Our investment in a Kornit printer was a wise move. We purchased the unit with some reluctance because of the price.
You can expect to spend close to $300,000.00 for a new machine. We bit the bullet and purchased three. We never looked back.
Some say we could get more production if we purchased the less expensive DTG printers available. This argument sounds good if you are shopping price.
Bargin Priced DTG printers are suspect
We found that the lesser priced printers are not fit for production. These machines work real well if your market is geared to single shirt printing. The margins are great for one off printing.
If you are going to use a lesser priced model you have to be aware of the time to print a shirt. They just do not perform as advertised.
DTG Production time
We found that the printing process is slowed down due to the application of the pretreatment. Each shirt has to be pretreated before printing. The process is to first spray the pretreatment on the garment and heat press to lay the fibers of the garment down for printing. With the Kornit the pretreatment is included in the printing cycle. This is a important time saver to consider if you are going to do production. The pretreatment process generally takes about 2 minutes vs no time using a Kornit.
The next step after pretreatment is to print the garment. Time in a Kornit is around 2 minutes or less in the new machines. In a mall style printer the time is about 4 minutes.
Finishing the shirt
After printing the garment has to be heat pressed again to finish. Using a Kornit we run the garment though a dryer and the project is complete. The dryer does take a little longer but it does not eat up labor time like a heat press machine does.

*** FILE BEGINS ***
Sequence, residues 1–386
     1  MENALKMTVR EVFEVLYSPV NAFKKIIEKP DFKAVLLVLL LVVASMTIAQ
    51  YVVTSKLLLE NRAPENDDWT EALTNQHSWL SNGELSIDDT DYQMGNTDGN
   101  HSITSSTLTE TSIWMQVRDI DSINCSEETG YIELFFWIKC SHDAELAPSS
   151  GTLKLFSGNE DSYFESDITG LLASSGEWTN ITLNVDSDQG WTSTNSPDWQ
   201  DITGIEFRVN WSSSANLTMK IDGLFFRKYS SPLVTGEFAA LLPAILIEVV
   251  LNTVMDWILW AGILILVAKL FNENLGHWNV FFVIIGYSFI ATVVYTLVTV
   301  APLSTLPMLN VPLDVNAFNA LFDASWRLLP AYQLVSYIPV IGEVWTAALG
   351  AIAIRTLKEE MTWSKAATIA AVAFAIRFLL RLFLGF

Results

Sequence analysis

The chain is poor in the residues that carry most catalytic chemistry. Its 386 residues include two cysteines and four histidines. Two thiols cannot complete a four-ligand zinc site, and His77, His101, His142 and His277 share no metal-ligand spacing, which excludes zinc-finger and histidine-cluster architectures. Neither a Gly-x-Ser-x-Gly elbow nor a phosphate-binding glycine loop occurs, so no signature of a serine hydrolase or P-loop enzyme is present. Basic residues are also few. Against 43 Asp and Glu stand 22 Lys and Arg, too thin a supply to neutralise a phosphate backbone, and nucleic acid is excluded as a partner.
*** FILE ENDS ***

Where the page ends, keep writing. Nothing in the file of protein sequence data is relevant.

In summary we make tees, tees and more tees than a lower priced DTG printer.
There are two methods of decorating a tee shirt with ink. One is silk screening and the other is Direct to Garment printing.
Silk Screening is a method where the ink is applied to the tee shirt via a mesh screen with the design area cut leaving a open area for the ink to flow freely on to the garment. This is a very efficient process for large scale orders. The above is an example of what we have done for the MWR on Diego Garcia. This was done with embroidery.
One major drawback is that the design is limited to the amount of colors which can be used in the design. There is one screen for each color in the design.
Because of the amount of color in some designs the order has to be large enough to absorb the cost of the screen set up.
For example a six color design would cost around $120.00. This is why multicolor screen printing needs at least 144 pieces to make the order feasible.
No screens in digital
The digital to garment printing technique does not require any screens at all. This makes this process very inviting for a small order. For example a design with over 12 colors does not require any complicated set up like screen printing. It prints whatever is on the computer screen. An order of six pieces is very easy to do.
The set up is very easy and basic. The key is to have good finished art. The easiest format to use is Corel Draw or Adobe Illustrator. These two drawing programs are very popular and are used exclusively in the apparel decorating industry. Also, there is a great deal of designs available for sale on the internet which can be linked up with a basic lettering system to produce some very acceptable art work.
The most popular designs available on the internet are mascots. Everyone has a mascot and you will find many schools teams use and enjoy the same mascot design. The only difference is the lettering used in the design.
This blog was intended to introduce the reader to the two techniques for custom decorating apparel. For more information contact NW Custom Apparel.